PCs are now really stinking fast, with more RAM than all the hard drives I had connected to my Amiga 3000. If only Commodore hadn't been gutted by Medhi Ali and Irving Gould, who knows what we'd have now?

Funny thing- it is not the hardware. I still have an old Pentium 200MMX with Windows 95 on it. It even has the same graphic chip on the video card that my Amiga had. But it stinks on ice. Slow, jerky... but I also have an Amiga emulator, Amiga Forever, running on it. Windows 95 stinks at multitasking, but it sees Amiga Forever as a single task. So within the Amiga emulator, it runs like the fastest Amiga ever!

I upgrade my Amiga Forever version every few years, and I still have the hard drive image from my now-defunct Amiga 3000. Once in a while I start it up and play around in it, and remember...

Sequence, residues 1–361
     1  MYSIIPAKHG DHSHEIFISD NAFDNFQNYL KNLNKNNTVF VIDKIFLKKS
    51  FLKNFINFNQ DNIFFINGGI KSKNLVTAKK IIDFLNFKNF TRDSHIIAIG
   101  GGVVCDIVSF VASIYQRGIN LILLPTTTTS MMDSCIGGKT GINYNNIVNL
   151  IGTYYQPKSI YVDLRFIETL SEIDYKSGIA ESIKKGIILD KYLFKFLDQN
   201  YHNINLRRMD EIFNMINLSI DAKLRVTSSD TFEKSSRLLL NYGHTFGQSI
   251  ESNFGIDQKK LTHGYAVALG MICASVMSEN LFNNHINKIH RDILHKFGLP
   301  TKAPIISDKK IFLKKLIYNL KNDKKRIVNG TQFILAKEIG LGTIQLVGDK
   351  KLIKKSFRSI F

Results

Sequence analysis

Amiga Emulation, Games, History and Support Since 1997

We even had a 3 page article done about my business in Amiga Format in 1998:

Sunday, July 24, 2022

Repurposing/Rewinding a Microwave Oven Transformer

 Transformers are funny things. Those magnetic shunts are there to limit the power available to the magnetron. They add something called leakage inductance. It is as if you’ve added an inductor in series with the primary winding.

So you are rewinding a microwave oven transformer to repurpose it? There is something very important you must understand: Microwave oven transformers are designed to use the least copper and iron possible. Drawing power from a transformer actually reduces the magnetic field strength in the core over no load conditions. So a microwave oven is designed so that the primary is only powered up to run the magnetron, and the magnetron always presents a load to the transformer.